Timing is everything, and Ben Bishop has learned that lesson more than most.
You may not know this, but the past five years, Ben Bishop has been a top-five starter in the league. It’s true. In the past five seasons, the only goalies to better Bishop’s .920 SV% in all situations are Carey Price, John Gibson, Andrei Vasilevskiy, and Devan Dubnyk. Gibson and Vasilevskiy haven’t even been starters that whole time like Bishop has (save on injury-riddled season), so you could vault him ahead of them if you were so inclined. He’s just a tick ahead of Corey Crawford.
And it’s not like Bishop has been helped by wondrous defensive teams. He was in Tampa before they became this juggernaut, and even the Hitch-led Stars weren’t an Iron Curtain for a season. These days we only have expected Fenwick-save percentage to deal with against actual Fenwick save-percentage. In difference between those over the past five years, Bishop ranks 12th among starting goalies, ahead of names like Rask, Jones, and Hellebuyck. So he hasn’t had to perform as many miracles as Crawford or Gibson, but he’s done more with what he’s asked than can be expected.
And yet you’ll find Bishop to be one of the bigger bargains around. Bishop is the 18th-highest paid goalie in the league, making a lower cap hit than such luminaries as Jimmy Howard, Jonathan Quick, Martin Jones, and Mike Smith. And you may point to playoff pedigree, but Bishop does have a Final appearance to his name, as well as aiding an additional conference final appearance, which means he has more playoff pedigree than Howard, or Jones, or Smith. It’s been a few years though, so maybe that fades with time.
But Bishop hit free agency, or was due to, on the back of his rotten-luck, no good, groin-exploded, very middling 2016-2017. That’s the year he ceded the Tampa job to Vasilevskiy, got traded to the Kings, and then was moved before the draft afterwards to the Stars. It’s the only season in the last five he didn’t manage a .916 save-percentage, and really could not have come at a worse time. In one of Jim Nill’s more shrewd moves, as it turns out, he jumped at the chance to get Bishop at a cut-rate.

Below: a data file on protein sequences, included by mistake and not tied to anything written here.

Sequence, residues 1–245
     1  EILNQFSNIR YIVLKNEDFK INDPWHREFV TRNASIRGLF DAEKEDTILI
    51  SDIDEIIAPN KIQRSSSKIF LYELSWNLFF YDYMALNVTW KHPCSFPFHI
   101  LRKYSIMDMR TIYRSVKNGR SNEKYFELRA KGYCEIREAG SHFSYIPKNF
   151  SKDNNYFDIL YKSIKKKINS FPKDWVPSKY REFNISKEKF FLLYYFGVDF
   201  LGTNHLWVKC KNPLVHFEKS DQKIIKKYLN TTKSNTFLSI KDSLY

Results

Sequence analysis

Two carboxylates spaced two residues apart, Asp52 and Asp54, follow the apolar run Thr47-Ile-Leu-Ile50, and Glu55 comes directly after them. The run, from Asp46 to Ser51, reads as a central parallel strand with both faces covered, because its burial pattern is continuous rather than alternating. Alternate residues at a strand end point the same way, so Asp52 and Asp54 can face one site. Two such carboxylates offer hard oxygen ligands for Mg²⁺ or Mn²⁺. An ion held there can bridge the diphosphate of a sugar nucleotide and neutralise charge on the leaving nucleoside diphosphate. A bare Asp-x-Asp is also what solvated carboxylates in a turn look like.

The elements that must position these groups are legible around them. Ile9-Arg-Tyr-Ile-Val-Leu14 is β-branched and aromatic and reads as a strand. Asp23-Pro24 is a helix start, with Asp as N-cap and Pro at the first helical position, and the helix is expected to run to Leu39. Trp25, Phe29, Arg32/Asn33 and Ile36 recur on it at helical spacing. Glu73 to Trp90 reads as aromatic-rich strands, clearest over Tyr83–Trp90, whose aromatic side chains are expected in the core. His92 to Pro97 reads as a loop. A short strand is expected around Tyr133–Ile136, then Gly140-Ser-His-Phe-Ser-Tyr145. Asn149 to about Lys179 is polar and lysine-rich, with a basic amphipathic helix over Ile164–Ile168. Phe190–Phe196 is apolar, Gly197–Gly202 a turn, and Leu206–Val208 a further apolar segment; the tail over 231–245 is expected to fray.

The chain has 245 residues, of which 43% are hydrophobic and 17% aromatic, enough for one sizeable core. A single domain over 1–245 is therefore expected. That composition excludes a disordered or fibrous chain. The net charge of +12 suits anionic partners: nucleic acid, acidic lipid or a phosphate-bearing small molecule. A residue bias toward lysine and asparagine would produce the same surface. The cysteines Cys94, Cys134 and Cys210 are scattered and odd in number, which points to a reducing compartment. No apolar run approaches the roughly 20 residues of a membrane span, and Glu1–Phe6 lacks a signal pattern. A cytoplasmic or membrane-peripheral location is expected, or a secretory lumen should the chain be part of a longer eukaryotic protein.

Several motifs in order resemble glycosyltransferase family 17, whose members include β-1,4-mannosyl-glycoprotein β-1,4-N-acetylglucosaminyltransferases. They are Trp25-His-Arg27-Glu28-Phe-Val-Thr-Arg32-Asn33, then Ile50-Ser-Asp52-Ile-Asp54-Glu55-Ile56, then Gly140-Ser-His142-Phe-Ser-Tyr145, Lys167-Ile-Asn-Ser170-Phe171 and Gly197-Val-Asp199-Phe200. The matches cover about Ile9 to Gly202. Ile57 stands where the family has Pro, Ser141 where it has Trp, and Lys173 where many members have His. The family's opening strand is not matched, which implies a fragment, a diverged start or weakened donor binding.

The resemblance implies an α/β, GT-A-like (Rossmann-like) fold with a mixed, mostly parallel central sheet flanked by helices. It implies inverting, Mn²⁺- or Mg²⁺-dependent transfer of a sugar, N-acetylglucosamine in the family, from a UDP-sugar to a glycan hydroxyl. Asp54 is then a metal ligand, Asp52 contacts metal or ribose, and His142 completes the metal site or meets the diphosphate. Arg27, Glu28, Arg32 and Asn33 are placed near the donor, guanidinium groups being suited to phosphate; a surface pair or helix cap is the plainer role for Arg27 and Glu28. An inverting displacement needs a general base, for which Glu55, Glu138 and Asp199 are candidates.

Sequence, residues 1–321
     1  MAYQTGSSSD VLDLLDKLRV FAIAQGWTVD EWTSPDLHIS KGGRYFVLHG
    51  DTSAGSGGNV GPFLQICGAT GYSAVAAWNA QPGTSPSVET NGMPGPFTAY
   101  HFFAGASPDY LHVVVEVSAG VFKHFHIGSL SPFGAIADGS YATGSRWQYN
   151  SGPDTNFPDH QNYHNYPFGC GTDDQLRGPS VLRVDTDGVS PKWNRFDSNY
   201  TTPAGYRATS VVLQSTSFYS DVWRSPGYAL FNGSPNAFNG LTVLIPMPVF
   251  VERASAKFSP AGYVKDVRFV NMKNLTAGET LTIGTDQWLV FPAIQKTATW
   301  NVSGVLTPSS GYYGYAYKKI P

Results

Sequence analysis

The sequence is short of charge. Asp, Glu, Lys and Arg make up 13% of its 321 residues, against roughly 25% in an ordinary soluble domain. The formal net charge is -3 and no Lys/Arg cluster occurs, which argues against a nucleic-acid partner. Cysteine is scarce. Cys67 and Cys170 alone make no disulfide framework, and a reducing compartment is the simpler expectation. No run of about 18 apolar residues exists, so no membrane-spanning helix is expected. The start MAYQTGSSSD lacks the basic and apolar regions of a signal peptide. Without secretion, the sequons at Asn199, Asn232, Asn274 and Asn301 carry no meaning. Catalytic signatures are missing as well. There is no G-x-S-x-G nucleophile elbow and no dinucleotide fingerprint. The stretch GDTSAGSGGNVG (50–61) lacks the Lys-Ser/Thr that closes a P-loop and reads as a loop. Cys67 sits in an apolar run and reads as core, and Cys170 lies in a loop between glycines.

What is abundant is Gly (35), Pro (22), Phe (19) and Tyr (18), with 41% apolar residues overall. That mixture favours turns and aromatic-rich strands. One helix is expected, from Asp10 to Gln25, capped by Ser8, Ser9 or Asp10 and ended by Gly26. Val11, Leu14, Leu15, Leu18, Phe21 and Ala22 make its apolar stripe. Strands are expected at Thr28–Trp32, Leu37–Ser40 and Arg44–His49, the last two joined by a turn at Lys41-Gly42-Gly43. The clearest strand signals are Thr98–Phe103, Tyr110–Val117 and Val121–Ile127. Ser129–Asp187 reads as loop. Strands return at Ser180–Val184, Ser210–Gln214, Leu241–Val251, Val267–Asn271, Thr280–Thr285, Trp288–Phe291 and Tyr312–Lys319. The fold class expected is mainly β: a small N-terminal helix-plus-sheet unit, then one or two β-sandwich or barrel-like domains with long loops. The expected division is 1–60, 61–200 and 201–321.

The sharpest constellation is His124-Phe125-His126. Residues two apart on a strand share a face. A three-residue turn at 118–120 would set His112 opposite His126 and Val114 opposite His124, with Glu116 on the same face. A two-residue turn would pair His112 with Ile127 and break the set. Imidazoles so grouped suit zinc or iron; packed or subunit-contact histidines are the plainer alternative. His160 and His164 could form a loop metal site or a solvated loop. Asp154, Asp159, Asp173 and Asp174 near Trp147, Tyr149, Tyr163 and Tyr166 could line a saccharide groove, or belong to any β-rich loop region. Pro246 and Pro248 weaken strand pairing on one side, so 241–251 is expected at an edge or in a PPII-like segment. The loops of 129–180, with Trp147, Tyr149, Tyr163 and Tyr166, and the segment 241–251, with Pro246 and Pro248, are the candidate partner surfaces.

And now there’s an argument to be made that Bishop is a Vezina candidate. His .930 SV% only trails Vasilevskiy (how many players are they allowed to produce at this point?). Gibson’s injury and dip in form might shroud his wizard-like season in doubt. The difference in Bishop’s actual Fenwick SV% and expected only trails the dual-headed Lehner and Greiss, who will probably split votes, Gibson, and McElhinney. If Gibson was the front-runner a month ago, Bishop has to be in the conversation.
A win would make Bishop the only Vezina-holder making less than $6M per season. And he’s locked in until 2023 at that rate, which is a real coup.
Then again, the discussion of what goalies should be paid has always been weird. Only Carey Price’s hit or salary is over eight figures, and that doesn’t square. In terms of importance, even with the higher-scoring atmosphere, goalies might only be behind quarterbacks. No one seems to mind when QBs make a fifth or quarter of a team’s cap, because that’s just the way things are. And yet you can only find one goalie paid on par with McDavid or Matthews or Crosby? Strange, no? Look at the top goalies this year and the standings. Vasilevsky – best team in the league. Lehner and Greiss – 1st place. Halak and Rask – top five team. Andersen – top five team. This isn’t all that hard.
One day, a team is just going to hand a goalie $12M and everyone will laugh. Or a goalie will ask for that and be mocked as selfish. If Bobrovsky hadn’t totally whiffed on his free agent year, maybe he would have. Teams seem to know this, which is why goalies are getting locked up as soon as possible. Look at that Crawford deal now, at least before the concussions, and how people lost their mud when it was signed.
Price shouldn’t be alone at that plateau. If Bishop had timed it better, he’d be a lot closer.
Game #68 Preview Suite